As difficult as the pandemic has been for all of us, children and youth who are homeless or in foster care face these same fears, confusion, and more every dayeven before 2020. This year it was even more difficult:

  • Mass layoffsespecially in retail jobs these young people rely onhave left them without any income.
  • College closures left them with nowhere to live. Even after colleges reopened online, campus housing often remained closed.
  • Schools that were also a source of food and support closed. When they opened virtually, most foster and homeless youths had no access to the internet, let alone the technology needed to succeed.

They try to stay resilient in a world that has almost forgotten them. But it’s been so hard.

John Burton Advocates for Youth (JBAY) did not forget them. Instead of slowing down or even closing temporarily, we swiftly pivoted to help at-risk youth face the challenges in these uncertain times. And we continued our usual busy schedule of advocacy, training, and support.

Here are some of the ways we supported homeless and foster youth in 2020:

Emergency Support from JBAY

As soon as the pandemic hit in March, JBAY mobilized to raise more than $400,000 to purchase around 3,000 laptops for foster youth, who would have otherwise dropped out of college when distance learning was the only option. JBAY’s response was praised by Governor Newsom in a press conference about helping foster youth during the pandemic.

Then in May, we established an emergency response fund providing critically needed assistance to more than 500 foster youth attending college to support them with essential housing, food, and transportation needs.

Emergency Action with the Governor

Working with Governor Newsom, we helped foster youth who would age out of foster care at 21 and lose their housing and support during the pandemic. An Emergency Order and $32 million investment protected these youth, allowing them to remain in foster care until June 30, 2021. California was the first state in the nation to take this action and the federal government followed suit shortly after, issuing policy guidance to states.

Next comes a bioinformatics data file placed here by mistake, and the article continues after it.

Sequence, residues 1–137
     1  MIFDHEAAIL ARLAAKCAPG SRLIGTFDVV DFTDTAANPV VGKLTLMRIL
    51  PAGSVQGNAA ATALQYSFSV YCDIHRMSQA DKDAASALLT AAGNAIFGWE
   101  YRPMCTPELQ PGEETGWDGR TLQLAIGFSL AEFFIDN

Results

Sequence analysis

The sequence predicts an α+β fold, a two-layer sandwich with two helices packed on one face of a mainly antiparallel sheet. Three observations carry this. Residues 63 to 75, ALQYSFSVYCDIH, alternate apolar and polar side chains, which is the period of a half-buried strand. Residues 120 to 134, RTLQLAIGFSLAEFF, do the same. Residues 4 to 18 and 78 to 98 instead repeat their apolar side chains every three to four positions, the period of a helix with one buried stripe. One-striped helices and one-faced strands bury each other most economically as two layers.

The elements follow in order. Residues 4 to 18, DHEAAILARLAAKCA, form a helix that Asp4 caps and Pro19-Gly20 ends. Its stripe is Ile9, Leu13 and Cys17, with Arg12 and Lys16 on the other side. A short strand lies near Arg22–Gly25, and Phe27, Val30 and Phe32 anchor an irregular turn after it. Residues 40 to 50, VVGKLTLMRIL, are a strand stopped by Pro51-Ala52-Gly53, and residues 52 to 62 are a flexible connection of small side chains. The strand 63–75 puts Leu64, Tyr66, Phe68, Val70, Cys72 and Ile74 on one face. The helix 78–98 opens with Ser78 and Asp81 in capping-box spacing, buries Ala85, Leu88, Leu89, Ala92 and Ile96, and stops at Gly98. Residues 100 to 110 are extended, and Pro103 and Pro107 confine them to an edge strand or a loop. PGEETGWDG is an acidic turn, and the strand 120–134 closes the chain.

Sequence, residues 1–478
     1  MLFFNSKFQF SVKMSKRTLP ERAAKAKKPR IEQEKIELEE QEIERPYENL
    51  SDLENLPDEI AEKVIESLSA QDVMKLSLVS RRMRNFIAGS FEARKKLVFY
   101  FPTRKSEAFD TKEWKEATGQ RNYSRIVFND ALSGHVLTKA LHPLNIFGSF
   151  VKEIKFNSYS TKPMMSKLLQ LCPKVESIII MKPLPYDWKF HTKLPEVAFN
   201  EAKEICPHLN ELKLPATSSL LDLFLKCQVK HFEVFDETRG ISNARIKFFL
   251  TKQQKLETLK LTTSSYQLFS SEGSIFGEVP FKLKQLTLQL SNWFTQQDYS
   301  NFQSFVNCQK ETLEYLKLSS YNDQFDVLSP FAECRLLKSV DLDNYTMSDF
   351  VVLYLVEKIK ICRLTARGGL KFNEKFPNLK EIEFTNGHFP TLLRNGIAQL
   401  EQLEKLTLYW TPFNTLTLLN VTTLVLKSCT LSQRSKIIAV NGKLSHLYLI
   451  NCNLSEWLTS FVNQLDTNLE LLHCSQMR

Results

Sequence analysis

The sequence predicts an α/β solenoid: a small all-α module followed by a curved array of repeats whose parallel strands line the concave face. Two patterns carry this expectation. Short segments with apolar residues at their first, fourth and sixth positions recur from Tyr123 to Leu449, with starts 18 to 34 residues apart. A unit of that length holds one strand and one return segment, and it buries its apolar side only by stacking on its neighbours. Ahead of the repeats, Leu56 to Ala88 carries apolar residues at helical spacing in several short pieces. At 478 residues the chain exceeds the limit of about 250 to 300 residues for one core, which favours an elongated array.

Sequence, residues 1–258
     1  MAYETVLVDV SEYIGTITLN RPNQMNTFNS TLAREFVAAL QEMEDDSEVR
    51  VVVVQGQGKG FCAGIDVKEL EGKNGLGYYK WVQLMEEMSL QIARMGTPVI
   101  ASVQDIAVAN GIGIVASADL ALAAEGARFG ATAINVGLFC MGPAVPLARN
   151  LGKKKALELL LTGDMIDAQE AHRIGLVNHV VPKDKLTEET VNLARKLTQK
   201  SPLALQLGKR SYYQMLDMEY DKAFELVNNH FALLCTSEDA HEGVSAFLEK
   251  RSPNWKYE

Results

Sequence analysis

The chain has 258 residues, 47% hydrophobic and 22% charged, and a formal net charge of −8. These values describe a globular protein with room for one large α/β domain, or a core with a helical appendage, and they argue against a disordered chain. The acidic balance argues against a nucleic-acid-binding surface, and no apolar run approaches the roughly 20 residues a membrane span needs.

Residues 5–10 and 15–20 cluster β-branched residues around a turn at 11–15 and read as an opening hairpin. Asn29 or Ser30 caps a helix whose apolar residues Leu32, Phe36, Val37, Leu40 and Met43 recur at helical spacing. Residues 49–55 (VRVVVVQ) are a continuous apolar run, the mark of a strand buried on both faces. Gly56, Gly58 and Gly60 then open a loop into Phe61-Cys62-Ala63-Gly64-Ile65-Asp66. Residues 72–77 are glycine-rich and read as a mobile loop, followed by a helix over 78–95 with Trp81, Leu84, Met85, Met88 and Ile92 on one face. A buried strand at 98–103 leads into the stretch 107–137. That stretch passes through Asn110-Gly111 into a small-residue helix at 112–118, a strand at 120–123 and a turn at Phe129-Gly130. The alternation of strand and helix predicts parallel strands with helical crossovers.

New Legislation

When the legislature in Sacramento sharply reduced the number of bills it would consider this year, JBAY continued to successfully fight for better laws to protect foster and homeless youth.

In September, Governor Newsom signed two JBAY sponsored bills into law:

  • Senate Bill 860: Improving college access for foster youthincreases participation in college among foster youth by requiring state-funded agencies to assist foster youth in completing their Free Application for Federal Student Aid (FAFSA). This builds on JBAY’s California FAFSA Campaign, which increased college aid applications by foster youth from 45% in 2017 to 64% in 2020.
  • Assembly Bill 2416: Maintaining financial aid for foster youth and other vulnerable college students who become homelessrequires colleges to consider homelessness as an extenuating circumstance when students appeal the loss of financial aid.

While the California legislature was working to make deep cuts to its 2020-21 budget, we advocated to keep these at-risk youth safe. Not only were there no budget cuts to any essential programs, but we secured an increase in support to foster youth totaling $60 million this year.  

“It’s been a trying year for everyone,” says Amy Lemley, executive director of JBAY. “But it’s so much harder without a family and no resources to draw upon in an emergency. We are proud that JBAY has made such a difference in thousands of lives, despite the hardest year I’ve ever known. With the support of donors, legislators and front-line workers, we will ensure that at-risk youth will not only survive 2020 but thrive in 2021 and beyond. That’s what resilience should mean.”

JBAY Gears Up for Ambitious and Challenging Year of Policy Change

It’s Thanksgiving week, but at John Burton Advocates for Youth (JBAY), we are already busy thinking about the New Year, when the California State Legislature will return and we can get back to the important work of improving policies for youth who have been homeless or in foster care. In 2021, we’ll be focusing on our three main issues: housing, education and health.